Data Migration: Failing to Plan is Planning to Fail [Step-By-Step Guide]
So, you’ve purchased a shiny new data storage array, and you’re now faced with the often-times daunting task of moving your data and servers from the old to the new array with the least disruption possible. Compounding the problem, data migrations are typically high-profile, high-visibility projects with “C-level” interest due to the risk involved and the sensitivity to the business application owners and end-users, even more so when there are revenue generating and budget concerns.
So where do you begin?
The old axiom “failing to plan is planning to fail” is especially true for data migration projects. In fact, devoting plenty of time to the planning and discovery phase of the project, gathering information, and understanding the existing environment, is critical to your success.
This is the first of a three-part series in which we will discuss this very topic and how to appropriately prepare for and execute a data migration plan/project that will bring you success.
Planning and Discovery – Key Elements to Consider
Documentation of the Environment
Documentation at this phase of the project serves multiple purposes:
1. Serves as a reference for checking compatibility with new SAN/storage
2. Serves as a communications tool between members of the project team
3. Used as validation during the setup of the actual data migration phase of the project
4. Ultimately becomes an as-built deliverable for the project
The following items should be examined and documented during the planning and discovery phase of the project:
1. Server operating system type and version
2. Fiber channel HBA model and firmware/driver versions
3. Multi-pathing validation
4. SAN switch software versions and general over-all health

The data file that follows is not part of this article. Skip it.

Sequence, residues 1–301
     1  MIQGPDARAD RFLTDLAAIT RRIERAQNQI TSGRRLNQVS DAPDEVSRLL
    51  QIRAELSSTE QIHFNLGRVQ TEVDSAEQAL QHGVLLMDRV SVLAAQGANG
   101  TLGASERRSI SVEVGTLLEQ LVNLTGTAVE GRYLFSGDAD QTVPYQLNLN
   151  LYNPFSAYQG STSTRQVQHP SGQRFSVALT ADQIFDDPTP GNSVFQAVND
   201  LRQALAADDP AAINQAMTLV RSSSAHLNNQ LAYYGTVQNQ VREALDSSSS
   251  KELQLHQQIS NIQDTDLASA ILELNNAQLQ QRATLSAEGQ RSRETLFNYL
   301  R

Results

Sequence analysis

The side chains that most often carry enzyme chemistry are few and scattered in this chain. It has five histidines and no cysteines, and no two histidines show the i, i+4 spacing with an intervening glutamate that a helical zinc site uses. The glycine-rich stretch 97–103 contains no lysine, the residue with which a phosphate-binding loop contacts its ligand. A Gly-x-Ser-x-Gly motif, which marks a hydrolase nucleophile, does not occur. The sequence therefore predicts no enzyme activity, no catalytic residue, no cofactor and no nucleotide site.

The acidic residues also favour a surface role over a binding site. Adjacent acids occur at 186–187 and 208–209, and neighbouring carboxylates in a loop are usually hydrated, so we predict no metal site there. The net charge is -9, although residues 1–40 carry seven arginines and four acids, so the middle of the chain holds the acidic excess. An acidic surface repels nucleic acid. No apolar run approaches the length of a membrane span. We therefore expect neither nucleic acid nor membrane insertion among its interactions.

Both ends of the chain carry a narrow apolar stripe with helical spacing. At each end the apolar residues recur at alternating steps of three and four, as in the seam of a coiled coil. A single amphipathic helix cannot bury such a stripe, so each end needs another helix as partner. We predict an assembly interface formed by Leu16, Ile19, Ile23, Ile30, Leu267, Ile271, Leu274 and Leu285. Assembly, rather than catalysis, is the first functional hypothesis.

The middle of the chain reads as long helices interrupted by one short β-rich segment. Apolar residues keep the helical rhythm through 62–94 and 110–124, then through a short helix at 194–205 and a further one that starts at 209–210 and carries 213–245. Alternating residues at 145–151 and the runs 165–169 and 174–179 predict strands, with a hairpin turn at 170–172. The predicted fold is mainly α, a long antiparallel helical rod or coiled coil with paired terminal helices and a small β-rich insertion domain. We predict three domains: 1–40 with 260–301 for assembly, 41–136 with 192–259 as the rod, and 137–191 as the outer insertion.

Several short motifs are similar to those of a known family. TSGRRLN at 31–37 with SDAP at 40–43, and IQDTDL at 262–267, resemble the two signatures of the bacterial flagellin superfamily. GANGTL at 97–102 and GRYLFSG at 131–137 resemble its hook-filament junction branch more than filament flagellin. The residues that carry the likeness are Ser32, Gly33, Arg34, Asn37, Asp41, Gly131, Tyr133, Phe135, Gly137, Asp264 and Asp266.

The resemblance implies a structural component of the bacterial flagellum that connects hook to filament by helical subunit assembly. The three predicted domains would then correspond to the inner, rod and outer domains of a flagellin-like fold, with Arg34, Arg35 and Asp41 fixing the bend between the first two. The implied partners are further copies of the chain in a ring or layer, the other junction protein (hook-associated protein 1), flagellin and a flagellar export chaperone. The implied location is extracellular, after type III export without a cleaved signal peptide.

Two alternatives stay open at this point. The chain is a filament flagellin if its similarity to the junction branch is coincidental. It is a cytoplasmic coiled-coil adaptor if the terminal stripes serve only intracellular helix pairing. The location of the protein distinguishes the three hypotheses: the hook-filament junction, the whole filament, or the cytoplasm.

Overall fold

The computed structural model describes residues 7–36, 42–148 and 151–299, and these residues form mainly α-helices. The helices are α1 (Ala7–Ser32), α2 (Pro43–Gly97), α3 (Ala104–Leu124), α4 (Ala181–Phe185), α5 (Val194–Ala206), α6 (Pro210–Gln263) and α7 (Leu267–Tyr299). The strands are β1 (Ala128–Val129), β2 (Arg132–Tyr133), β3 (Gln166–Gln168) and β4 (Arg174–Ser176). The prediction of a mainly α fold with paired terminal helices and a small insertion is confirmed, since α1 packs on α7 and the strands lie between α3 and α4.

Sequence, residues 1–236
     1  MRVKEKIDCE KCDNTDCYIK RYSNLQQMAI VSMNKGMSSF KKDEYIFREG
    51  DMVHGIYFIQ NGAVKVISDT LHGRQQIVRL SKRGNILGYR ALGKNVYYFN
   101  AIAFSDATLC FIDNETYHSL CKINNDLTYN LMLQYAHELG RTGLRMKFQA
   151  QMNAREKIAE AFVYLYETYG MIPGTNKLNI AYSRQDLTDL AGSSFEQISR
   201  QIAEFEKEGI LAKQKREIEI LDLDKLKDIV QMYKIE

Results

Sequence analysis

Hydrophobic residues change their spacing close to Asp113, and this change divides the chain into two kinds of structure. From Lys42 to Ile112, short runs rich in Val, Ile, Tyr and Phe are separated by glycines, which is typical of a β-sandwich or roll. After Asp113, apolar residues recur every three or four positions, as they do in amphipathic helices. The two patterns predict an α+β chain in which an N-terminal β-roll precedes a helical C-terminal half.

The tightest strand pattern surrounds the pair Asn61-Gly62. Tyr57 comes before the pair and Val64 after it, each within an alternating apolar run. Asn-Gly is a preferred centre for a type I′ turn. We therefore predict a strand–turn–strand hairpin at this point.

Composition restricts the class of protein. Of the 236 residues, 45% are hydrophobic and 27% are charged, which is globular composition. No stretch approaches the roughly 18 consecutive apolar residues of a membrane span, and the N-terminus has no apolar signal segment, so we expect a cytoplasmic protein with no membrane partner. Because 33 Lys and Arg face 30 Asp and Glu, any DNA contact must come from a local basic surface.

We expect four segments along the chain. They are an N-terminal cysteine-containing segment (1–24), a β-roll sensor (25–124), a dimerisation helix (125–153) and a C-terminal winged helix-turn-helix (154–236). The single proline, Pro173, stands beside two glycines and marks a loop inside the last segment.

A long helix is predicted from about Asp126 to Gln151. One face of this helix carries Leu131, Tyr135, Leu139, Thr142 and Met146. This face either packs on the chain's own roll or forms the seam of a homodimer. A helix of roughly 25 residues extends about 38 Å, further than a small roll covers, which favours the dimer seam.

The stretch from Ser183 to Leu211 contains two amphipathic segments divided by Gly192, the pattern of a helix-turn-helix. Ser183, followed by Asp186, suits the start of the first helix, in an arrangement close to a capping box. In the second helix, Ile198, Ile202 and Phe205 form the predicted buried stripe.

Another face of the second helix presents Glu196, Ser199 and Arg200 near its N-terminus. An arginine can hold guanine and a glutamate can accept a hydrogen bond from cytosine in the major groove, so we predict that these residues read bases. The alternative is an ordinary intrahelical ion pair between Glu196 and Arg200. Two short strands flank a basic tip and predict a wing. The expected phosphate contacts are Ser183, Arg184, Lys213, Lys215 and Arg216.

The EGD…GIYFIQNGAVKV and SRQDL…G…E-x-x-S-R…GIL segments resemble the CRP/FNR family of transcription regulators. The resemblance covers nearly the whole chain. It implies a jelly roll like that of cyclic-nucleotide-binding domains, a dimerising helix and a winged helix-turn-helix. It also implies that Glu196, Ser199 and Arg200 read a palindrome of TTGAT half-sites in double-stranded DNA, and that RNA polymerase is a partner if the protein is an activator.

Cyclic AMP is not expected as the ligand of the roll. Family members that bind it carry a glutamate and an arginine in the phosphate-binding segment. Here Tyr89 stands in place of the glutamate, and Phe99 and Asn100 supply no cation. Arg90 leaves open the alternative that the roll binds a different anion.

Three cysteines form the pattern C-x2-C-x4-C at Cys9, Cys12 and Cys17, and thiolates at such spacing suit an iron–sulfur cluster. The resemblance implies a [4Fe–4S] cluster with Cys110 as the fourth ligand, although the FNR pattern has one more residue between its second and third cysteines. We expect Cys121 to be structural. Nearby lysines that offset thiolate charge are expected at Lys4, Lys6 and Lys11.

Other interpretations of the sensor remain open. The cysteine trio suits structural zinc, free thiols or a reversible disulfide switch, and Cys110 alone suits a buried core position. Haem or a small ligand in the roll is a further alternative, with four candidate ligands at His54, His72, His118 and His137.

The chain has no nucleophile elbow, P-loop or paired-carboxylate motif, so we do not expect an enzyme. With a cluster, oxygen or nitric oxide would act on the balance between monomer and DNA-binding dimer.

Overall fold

5. Existing SAN zoning information including world-wide port names and aliases
6. Identification and list of source array LUNs and their sizes for each server
In addition, the documentation should also include place-holder entries for the following items:
1. For the destination storage array: target ports, storage pools, and LUN identification
2. New zoning information
Migration Event Planning and POCs
Once discovery is completed and documented, it is then time to discuss and agree upon the individual migration “events”, or “waves.” Consider including test and/or development servers of each operating system type in the first migration event as a proof of concept (POC) exercise. Doing a POC gets the everyone on the team familiar and comfortable with the entire process without affecting production servers and data. Make sure any change control processes are considered and addressed prior to any scheduled migration event and server cut-over. Maintenance windows need to be scheduled ahead of time and the user community needs to be notified well in advance of downtime.
Be sure to consider any existing local and remote replication requirements. Do you have Recovery Point Objectives (RPO) and/or Recovery Time Objectives (RTO) that must be strictly adhered to during migration? If so, remote replication must be configured on the destination array BEFORE post migration and server cut-over is executed. Local replication such as snapshots and point-in-time copies will need to be reconfigured on the new array.
The planning and discovery documentation is used to check the existing infrastructure against the new storage array manufacturer’s support and compatibility matrix. Any part of the data path that is not in compliance with the new array must be remediated, either before or during the server cut-over phase. The recommended software, firmware, and driver versions should be communicated as part of a remediation report and reviewed by the entire data migration team.
Discovery and planning are paramount to the success of a data migration project. Invest the time up front to get the existing environment documented. Determine what and when will be migrated by agreeing on the migration events. Don’t forget replication! Make sure the team agrees and understands what remediation of the data path may be required. These steps will help turn the transition of your data to the new storage platform from stressful into successful.
In part 2 of this series, we will address the mechanics of data migration and will focus on a centralized and automated approach to move said data dynamically. See a preview at http://www.theheadwatersgroup.com/data-migration-as-a-service/